When does the French Revolution timeline begin? Most encyclopedias date the beginning of the French Revolution to the morning of July 14th, 1789, when a group of workmen broke into the Bastille prison, secured weapons, and freed the remaining political prisoners from their cells. Since the storming of the Bastille was a landmark event which sparked a time period leading to France's eventual independence, Bastille Day is celebrated annually in France until today.
However, most historians note that the French Revolution was the direct result of an earlier time period known as the Enlightenment, which began in the mid-1700s. The Enlightenment marked a major philosophical shift from regarding the Bible and church as the authoritative source of absolute truth to embracing human reason as the source of truth. According to these sources, the French Revolution timeline actually began during this earlier "Age of Reason."
Photo by: Jean Duplessis Bertaux
Among the most prominent Enlightenment philosophers was Jean-Jacques Rousseau (1712-1778). Although he died 11 years prior to the Revolution, it is believed that his writings and his rejection of Calvinism and Christian theology had a major influence on the revolutionaries who later fought to remove Christianity from France.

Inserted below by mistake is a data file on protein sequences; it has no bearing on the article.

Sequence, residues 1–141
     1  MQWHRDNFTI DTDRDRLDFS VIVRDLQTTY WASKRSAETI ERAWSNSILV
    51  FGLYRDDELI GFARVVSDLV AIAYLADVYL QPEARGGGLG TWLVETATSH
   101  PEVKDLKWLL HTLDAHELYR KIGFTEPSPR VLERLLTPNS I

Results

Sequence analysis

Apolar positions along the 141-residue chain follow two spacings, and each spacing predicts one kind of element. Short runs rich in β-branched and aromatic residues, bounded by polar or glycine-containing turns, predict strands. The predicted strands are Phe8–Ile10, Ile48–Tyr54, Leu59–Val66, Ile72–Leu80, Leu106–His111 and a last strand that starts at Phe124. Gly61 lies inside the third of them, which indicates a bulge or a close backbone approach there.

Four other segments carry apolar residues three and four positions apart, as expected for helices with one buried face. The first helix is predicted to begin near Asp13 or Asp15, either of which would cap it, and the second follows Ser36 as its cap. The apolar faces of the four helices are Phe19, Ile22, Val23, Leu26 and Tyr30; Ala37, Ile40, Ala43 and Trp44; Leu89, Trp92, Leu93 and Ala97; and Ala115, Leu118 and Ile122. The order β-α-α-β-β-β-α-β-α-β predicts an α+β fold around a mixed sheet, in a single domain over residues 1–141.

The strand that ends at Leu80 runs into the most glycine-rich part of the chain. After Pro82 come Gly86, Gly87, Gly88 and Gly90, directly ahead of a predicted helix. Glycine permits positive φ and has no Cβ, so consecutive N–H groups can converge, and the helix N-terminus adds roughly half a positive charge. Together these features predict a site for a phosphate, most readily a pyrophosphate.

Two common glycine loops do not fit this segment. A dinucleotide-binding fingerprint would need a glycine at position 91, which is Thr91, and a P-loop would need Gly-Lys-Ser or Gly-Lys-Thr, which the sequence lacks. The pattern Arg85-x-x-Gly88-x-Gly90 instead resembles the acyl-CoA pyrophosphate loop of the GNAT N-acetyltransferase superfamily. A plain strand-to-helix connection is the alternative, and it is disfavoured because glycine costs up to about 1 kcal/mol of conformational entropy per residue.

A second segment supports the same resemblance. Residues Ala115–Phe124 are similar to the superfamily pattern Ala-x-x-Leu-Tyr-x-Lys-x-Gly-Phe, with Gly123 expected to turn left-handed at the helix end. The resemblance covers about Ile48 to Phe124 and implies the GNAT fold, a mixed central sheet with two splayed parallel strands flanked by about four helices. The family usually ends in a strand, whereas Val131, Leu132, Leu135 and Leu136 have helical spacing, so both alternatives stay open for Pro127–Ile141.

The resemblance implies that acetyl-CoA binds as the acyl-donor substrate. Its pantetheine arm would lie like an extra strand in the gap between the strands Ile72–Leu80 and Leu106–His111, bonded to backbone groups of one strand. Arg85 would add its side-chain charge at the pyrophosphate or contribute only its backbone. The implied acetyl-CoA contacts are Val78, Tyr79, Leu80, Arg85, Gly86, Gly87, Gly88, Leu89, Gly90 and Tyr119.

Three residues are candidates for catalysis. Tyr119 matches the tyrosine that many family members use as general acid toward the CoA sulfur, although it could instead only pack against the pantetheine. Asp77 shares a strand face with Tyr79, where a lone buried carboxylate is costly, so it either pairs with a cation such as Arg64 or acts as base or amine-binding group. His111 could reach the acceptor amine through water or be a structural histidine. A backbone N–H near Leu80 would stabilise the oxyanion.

Indeed, over the duration of the French Revolution timeline France underwent a massive transformation, going from an absolute monarchy and aristocratic system to the development of a people's government, viewed by historians as a shadow of today's modern governments. Similarly, the religious system and the domination of church over state fell to the new ideas of enlightenment, including citizenship and the inalienable rights of the people.
Prior to the storming of the Bastille, the French middle and lower classes were deprived of power and of a voice. The church and the state repressed religious dissenters, owned much of the land, and imposed heavy taxes and tithes on the people. Meanwhile, the higher clergy and monarchy enjoyed a life of luxury and wealth. Faced with poor economic, social, legal, and political conditions, the French lower classes staged a popular revolution against Louis XVI.
In 1789 the Third Estate, comprised of French peasants, workers, and members of the middle class, formed the National Assembly, which made the following changes in France:
Although Louis XVI remained monarch, he was removed from Versailles to Paris, where he was kept under house arrest. On September 2, 1792, the monarchy was abolished and France became a republic. Subsequently, in 1793 Louis and his wife Marie Antoinette were beheaded for crimes committed.
Finally, it can be said that the French Revolution timeline officially ended when a powerful general, whom we all know as Napoleon I, returned from war and became the new leader of France.